Contact Information:
Melissa Lance
DavidsonFellowsMedia@DavidsonGifted.org   775-852-3483 ext. 425

 

2012 DAVIDSON FELLOWS'
Positive Contributions to Society

Davidson Fellows are students 18 and under who have completed a significant piece of work in science, mathematics, technology, music, literature, philosophy or outside the box. The work of a Davidson Fellow must have the potential to make a positive contribution to society. Since 2001, the Davidson Institute has recognized 206 Davidson Fellows, each receiving a $50,000, $25,000 or $10,000 scholarship.

Positive contributions to society made by the 2012 Davidson Fellows include:

  • Discovering how intracellular signaling in plants works to produce an effective immune response against bacterial pathogens.

  • Contributing to a better understanding of consciousness with implications in fields ranging from medicine to artificial intelligence.

  • Identifying the biomechanism to provide a therapeutic target to curing Parkinsonís disease.

  • Creating a flexible, biocompatible and biodegradable gelatin-chitosan gel substrate suitable for a low toxicity, bio-friendly biosensor.

  • Investigating a tumor suppressor gene and its usefulness as a biomarker for liver cancer.

  • Fabricating a novel dual hydrogen production and water purification device using wastewater as its sole fuel source.

  • Developing algae as an effective oil source for biodiesel.

Contributions of Davidson Fellows recognized since 2001 include:

  • Invented a new type of solar panel.

  • Designing an efficient and inexpensive method for detecting landmines.

  • Developed a system to identify bone marrow donors in a fraction of the time and cost than previous methods; potential for use with organ transplants.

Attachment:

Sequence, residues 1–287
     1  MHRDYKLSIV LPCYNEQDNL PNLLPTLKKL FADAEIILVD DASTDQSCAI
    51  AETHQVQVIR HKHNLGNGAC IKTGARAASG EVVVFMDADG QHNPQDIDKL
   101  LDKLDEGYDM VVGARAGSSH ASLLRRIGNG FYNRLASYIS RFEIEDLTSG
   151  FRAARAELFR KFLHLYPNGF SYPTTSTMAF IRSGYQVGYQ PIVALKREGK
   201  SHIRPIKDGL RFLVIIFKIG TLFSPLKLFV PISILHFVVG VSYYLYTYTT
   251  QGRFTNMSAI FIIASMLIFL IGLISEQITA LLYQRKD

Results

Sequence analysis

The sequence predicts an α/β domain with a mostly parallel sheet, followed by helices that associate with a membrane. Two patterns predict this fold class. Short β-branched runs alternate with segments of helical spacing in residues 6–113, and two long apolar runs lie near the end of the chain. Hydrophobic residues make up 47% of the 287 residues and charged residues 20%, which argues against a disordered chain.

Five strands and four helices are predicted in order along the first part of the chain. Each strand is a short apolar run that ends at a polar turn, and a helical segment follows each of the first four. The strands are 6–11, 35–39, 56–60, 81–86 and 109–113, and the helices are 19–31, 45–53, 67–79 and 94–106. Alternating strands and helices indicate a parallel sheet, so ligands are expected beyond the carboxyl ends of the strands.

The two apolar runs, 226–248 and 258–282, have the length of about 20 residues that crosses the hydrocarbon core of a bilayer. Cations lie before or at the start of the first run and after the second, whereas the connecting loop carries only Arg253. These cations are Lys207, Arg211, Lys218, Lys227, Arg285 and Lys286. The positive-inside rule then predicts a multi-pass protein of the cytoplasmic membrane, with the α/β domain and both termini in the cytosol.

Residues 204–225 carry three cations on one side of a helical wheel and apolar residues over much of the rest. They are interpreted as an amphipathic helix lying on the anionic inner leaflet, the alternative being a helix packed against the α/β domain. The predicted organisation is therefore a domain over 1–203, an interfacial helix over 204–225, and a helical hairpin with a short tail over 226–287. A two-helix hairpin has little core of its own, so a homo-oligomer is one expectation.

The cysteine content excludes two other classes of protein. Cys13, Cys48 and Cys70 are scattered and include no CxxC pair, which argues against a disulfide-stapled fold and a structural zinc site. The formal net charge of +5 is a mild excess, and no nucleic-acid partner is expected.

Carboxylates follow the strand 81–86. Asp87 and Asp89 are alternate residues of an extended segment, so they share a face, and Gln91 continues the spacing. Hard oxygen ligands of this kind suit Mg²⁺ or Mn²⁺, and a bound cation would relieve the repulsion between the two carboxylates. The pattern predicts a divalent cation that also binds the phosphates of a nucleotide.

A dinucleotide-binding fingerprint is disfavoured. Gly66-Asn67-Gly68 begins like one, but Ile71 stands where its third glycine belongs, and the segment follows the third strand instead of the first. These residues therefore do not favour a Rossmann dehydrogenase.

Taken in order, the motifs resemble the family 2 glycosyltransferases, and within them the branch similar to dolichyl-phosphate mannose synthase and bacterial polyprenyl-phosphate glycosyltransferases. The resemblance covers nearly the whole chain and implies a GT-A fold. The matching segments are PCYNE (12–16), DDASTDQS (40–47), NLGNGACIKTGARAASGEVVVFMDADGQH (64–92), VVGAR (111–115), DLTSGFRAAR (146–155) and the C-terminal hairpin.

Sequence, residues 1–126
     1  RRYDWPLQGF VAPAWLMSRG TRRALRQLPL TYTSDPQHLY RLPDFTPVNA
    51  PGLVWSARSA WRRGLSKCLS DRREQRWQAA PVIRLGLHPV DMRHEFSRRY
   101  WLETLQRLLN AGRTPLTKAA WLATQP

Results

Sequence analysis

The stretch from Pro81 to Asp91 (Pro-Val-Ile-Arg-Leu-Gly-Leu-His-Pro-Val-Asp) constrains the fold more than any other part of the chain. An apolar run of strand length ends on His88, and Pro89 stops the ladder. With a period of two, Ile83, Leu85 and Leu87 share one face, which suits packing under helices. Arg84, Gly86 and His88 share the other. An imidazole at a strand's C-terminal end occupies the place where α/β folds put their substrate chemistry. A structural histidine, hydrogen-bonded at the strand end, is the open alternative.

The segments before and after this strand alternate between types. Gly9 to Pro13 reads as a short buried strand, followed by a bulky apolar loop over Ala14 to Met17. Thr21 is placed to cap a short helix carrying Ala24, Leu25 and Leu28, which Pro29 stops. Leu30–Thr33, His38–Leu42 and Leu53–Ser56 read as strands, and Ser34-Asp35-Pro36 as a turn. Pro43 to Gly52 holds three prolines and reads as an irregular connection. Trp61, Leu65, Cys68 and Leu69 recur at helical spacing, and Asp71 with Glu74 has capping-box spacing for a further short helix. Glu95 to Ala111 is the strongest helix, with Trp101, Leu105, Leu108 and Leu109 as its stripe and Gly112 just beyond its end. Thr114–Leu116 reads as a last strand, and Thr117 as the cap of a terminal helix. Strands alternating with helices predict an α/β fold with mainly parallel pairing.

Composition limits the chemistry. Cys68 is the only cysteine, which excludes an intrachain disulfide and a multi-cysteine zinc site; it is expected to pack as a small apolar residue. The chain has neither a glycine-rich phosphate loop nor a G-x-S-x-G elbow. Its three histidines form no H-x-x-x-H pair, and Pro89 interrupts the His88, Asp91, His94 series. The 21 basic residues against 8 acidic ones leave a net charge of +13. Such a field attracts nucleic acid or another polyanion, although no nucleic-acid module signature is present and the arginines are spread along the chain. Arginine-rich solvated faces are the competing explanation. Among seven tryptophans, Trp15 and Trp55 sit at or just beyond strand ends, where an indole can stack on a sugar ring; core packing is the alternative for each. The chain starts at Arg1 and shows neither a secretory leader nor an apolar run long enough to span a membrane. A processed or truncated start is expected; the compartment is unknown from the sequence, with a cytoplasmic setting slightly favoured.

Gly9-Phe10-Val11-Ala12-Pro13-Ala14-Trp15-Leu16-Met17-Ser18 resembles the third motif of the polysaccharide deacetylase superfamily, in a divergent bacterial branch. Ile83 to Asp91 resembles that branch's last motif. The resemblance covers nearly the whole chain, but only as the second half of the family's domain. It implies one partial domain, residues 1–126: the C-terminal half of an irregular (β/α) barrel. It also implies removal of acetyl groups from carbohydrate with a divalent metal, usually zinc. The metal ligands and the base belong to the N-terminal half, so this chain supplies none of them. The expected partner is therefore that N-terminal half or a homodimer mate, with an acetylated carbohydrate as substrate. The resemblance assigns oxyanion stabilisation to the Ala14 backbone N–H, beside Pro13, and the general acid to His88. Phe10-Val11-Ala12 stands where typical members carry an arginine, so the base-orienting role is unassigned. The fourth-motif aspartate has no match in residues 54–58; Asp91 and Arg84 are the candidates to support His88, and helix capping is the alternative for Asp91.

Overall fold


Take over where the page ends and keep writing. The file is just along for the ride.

• Research in the field of number theory, with results that have broad implications in cryptography, specifically to protect against identity theft.

  • Researching the effectiveness of a natural component of the spice turmeric in treating cardiovascular diseases.

  • Used antimicrobial properties from beesí honeystomachs to create a preventative measure protecting honeybees from the fatal American Foulbrood Disease, which affects the pollination of billions of dollars in agriculture crops worldwide.

  • Developing a predictive model to detect adolescent depression with an overall correct classification of 83.66 percent.

  • Creating an algorithm that automates the diagnosis of bladder cancer.

  • Used antimicrobial properties from beesí honeystomachs to create a preventative measure protecting honeybees from the fatal American Foulbrood Disease, which affects the pollination of billions of dollars in agriculture crops worldwide.

  • Developed a new drug delivery method to increase the efficiency of chemotherapy treatments, thereby controlling tumors in areas where surgery is not an option.

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Davidson Institute for Talent Development
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